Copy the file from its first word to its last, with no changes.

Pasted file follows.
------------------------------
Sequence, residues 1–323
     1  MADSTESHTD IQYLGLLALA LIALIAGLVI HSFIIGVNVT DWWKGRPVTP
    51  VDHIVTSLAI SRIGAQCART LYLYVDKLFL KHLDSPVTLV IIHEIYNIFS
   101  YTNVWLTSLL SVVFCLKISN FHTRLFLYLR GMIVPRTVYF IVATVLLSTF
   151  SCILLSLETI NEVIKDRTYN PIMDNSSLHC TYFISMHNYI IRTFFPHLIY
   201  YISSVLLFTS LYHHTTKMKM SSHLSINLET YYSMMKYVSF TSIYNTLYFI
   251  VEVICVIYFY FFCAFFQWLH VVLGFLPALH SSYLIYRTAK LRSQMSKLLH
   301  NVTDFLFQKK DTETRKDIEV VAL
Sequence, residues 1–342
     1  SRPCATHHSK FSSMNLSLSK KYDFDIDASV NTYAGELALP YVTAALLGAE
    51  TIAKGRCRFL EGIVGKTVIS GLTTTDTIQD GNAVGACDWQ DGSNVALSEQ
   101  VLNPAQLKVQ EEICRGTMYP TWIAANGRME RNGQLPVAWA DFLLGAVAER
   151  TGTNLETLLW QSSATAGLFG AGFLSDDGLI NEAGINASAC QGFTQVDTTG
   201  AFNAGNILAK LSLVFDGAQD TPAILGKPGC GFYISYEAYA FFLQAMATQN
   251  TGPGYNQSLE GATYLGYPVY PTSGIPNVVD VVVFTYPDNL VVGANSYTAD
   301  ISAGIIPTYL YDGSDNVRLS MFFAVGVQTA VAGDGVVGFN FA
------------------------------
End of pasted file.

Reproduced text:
Sequence, residues 1–323
     1  MADSTESHTD IQYLGLLALA LIALIAGLVI HSFIIGVNVT DWWKGRPVTP
    51  VDHIVTSLAI SRIGAQCART LYLYVDKLFL KHLDSPVTLV IIHEIYNIFS
   101  YTNVWLTSLL SVVFCLKISN FHTRLFLYLR GMIVPRTVYF IVATVLLSTF
   151  SCILLSLETI NEVIKDRTYN PIMDNSSLHC TYFISMHNYI IRTFFPHLIY
   201  YISSVLLFTS LYHHTTKMKM SSHLSINLET YYSMMKYVSF TSIYNTLYFI
   251  VEVICVIYFY FFCAFFQWLH VVLGFLPALH SSYLIYRTAK LRSQMSKLLH
   301  NVTDFLFQKK DTETRKDIEV VAL
Sequence, residues 1–342
     1  SRPCATHHSK FSSMNLSLSK KYDFDIDASV NTYAGELALP YVTAALLGAE
    51  TIAKGRCRFL EGIVGKTVIS GLTTTDTIQD GNAVGACDWQ DGSNVALSEQ
   101  VLNPAQLKVQ EEICRGTMYP TWIAANGRME RNGQLPVAWA DFLLGAVAER
   151  TGTNLETLLW QSSATAGLFG AGFLSDDGLI NEAGINASAC QGFTQVDTTG
   201  AFNAGNILAK LSLVFDGAQD TPAILGKPGC GFYISYEAYA FFLQAMATQN
   251  TGPGYNQSLE GATYLGYPVY PTSGIPNVVD VVVFTYPDNL VVGANSYTAD
   301  ISAGIIPTYL YDGSDNVRLS MFFAVGVQTA VAGDGVVGFN FA